Th'e Formation of A People Co.ntinued from Page Thirteen reflect incidents in the life of Abraham. Jacob, on the other hand, grabs the .imagination of all just as h~ grabbed the heel of his older twin Esau at birth (Gen 25:26). His' decep~on of the blind and aged Isaac in order to usurp his ·brother's firstborn blessing (Gen 27) and his unscrupulous trick to make Esau 'agree to tl"ade his birthright for a bowl of stew (Gen 25:27) illustrate the unwillingness of Scripture writers to whitewash their ancestors, but more importantly they reveal the fact that God works His plan in spite of the weaknesses of men.. }itrange Instruments . From Abraham to Peter, Scripture is replete with imperf~t and unlikely instruments used by God to bring about the fulfiHment Of His providential designs. Another .interesting instance is found in the story of Jacol?'s son Joseph who, because of the envy and hatred of his brothers, is sold into slavery in Egy'pt (Gen 37). Once there, he overcomes deception and imprisonment to rise to a position of influence that enables him to bring the embryonic clan of Jacob to the land' where it is destined to grow into a Dlltion. Even the political situation \'

. Together He who loves brings God and the world together. -Martin Buber

C

Continued from Page Thirteen Readings is to present a wider selection of Scripture and of the best works of spiritual writers. It seeks to present this wider selection to all God's people, but especially to those who have publicly committed themselves.to God in a special way. Although the Scripture readings at Mass are nowadays more 'varied tan before, the Office of Readings can offer still more of the treasures of revelation and Church tradition, and thus it can help greatly in the spiritual life. Priests especially should plumb the depths of these riches, for in this way they will be better able to teach everyone the Word of God which they have received and to make their doctrine "the food of the people of God." Recent biblical excerpts in the Office of Readings for example, included passages from Exodus and Deuteronomy while such stories as the. call of Abraham, 'the deliverance from Egyptian bondage and the kingship of David occur during the year. The spiritual writers appearing in this new breviary range from early Christian fathers like St. Augustine and St. Cyprian to more contemporary writers like Pope Pius XII and St. Thomas More. I have heard a few grumblings about the expense involved with this book. However, at less' than a penny a page, the publication seems, for these days, extremely reasonable. Moreover, the volume has been designed for daily use over many years-a factor to be considered when evaluating the cost; Nevertheless, we do need a relatively inexpensive text containing morning and evening prayers for the "L.iturgy of the Hours" for use by typical lay persons of a parish. One of the priests and a dozen or so parishioners gather daily before the 7:00 Mass in the Baton Rouge Cathedral to sing and say morning prayer. They employ "Prayer of Christians" for the. text, but will, I am sure, soon wish to replace that with the "Liturgy of. the Hours." To do so will, from a practical, dollars and cents viewpoint, require smaller, considerably cheaf)Cr publications containing those morning and evening excerpts.. Thankfully, liturgical pUBlishers .have already been urged to come out with just this type of book to meet this need.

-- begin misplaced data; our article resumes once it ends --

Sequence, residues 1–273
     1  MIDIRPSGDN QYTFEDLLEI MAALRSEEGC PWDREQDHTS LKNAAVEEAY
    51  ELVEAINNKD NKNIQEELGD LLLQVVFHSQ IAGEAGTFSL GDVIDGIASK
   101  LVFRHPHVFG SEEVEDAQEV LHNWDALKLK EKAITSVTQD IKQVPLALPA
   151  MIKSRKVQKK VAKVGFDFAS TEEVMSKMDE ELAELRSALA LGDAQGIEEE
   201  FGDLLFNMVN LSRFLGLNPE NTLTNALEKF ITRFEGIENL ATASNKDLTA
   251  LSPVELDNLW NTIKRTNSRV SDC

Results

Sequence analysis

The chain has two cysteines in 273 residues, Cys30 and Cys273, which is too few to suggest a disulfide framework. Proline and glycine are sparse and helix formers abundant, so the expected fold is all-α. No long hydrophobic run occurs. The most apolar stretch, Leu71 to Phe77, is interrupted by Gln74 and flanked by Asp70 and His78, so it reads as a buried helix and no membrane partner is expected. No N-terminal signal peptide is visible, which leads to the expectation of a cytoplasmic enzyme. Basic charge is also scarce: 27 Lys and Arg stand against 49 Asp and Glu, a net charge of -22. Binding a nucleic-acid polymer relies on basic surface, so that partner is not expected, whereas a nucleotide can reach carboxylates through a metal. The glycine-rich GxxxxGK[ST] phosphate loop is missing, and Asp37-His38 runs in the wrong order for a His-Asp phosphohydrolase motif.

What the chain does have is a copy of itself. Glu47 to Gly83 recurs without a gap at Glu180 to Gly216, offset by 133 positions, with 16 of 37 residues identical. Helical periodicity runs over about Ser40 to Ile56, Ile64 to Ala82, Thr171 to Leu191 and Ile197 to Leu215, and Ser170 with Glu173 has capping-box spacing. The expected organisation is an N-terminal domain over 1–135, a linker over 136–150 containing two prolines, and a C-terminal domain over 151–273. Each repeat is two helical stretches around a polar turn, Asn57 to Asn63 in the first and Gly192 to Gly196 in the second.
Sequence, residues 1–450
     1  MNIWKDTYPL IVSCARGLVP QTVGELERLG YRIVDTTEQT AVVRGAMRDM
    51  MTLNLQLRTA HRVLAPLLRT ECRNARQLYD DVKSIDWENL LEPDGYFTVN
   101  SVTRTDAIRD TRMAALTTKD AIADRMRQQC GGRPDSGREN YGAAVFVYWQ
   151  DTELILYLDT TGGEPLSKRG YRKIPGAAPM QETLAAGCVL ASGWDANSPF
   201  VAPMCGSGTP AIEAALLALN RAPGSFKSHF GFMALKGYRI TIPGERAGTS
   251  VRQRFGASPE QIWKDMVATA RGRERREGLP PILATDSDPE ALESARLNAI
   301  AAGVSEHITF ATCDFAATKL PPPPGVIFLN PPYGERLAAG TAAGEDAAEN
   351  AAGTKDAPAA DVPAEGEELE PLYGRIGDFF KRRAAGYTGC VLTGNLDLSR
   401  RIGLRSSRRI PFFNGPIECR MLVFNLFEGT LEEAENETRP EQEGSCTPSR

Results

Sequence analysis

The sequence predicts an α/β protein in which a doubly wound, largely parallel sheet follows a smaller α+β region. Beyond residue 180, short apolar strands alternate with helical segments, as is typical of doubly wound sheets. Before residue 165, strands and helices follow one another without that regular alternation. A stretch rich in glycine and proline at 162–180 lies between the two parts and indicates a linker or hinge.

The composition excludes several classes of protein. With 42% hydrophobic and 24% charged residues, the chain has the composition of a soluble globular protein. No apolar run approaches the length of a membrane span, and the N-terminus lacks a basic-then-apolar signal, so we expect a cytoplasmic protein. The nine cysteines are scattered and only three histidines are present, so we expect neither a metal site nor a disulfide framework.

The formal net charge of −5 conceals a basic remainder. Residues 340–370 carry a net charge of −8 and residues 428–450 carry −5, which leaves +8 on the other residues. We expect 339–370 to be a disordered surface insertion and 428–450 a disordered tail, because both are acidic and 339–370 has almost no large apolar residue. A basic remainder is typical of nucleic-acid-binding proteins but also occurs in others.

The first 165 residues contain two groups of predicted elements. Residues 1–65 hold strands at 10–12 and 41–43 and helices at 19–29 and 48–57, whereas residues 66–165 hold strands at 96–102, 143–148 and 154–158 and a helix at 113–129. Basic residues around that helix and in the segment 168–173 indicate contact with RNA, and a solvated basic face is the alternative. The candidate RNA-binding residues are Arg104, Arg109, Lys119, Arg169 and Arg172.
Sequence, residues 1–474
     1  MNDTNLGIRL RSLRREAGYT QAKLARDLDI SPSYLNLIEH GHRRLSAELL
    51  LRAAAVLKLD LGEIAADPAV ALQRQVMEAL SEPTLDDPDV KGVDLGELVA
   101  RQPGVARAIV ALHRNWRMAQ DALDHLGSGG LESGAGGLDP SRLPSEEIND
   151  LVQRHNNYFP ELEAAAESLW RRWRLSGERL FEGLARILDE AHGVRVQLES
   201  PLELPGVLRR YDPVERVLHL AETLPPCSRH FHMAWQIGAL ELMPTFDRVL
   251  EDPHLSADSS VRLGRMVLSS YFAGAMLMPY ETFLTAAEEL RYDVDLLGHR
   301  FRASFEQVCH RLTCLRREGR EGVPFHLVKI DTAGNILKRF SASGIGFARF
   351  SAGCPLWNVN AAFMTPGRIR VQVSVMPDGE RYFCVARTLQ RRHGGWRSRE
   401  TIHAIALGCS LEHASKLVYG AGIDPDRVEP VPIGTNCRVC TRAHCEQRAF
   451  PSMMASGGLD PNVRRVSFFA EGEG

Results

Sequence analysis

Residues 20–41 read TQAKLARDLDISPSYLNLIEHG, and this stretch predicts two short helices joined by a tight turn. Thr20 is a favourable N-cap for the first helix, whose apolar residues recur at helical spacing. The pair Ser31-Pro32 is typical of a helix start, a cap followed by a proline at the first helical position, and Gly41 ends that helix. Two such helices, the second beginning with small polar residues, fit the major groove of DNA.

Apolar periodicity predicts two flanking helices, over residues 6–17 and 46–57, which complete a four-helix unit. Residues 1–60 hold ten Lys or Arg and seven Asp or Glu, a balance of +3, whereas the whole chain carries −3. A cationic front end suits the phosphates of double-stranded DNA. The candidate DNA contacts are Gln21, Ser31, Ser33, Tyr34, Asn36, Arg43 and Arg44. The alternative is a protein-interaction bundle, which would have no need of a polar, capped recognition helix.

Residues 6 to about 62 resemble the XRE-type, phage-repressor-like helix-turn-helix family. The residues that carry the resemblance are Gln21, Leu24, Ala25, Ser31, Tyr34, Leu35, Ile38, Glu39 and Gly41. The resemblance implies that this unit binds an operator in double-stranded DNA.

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Charity Agencies Plan Conference CINCINNATI (NC) - A joint meeting of the Society of St. Vincent De Paul and the National Conference of Catholic Charities (NCCC) will be held here in October. The Society of St. Vincent De Paul, a charitable organ:3ation of Catholic laymen affiliated with NCCC, opens ,its meeting Oct. 16 . with a presentation by J. Carl Greve, president of the Cincinnati archdiocesan central council, and T. Raber Taylor of Denver, president of the superior council of the Society. The NCCC meeting opens Oct. 19 with a joint assembly of the two organizations. Archbishop Joseph L. Bernardin of Cincinnati, president of the National Conference of Catholic Bishops, wHI address the joint meeting on the theme "Humanizing and Transforming the Social Order: A Search for Liberty and Justice." Topics scheduled for discussion dUI1ing the Society of St. Vincent De Paul meeting, which will end Oct. 20, include Women in Society, Death and Dying, Alcoholism, Prison Work and Reform, Youth and the St. Vincent De Paul Society, Public Relations, and Aging. Highl,ighting the four-day NCCC meeting will be a seminar on employment and income distribution 路featuring Sen. Jacob Javits (R, N.Y.) as guest speaker'. Included - among the NCCC workshop'topics are Area Agencie on Aging Roles for Voluntary Organizations, Penal Reform: How to Reform the System, Discrimination Against the Migrant. .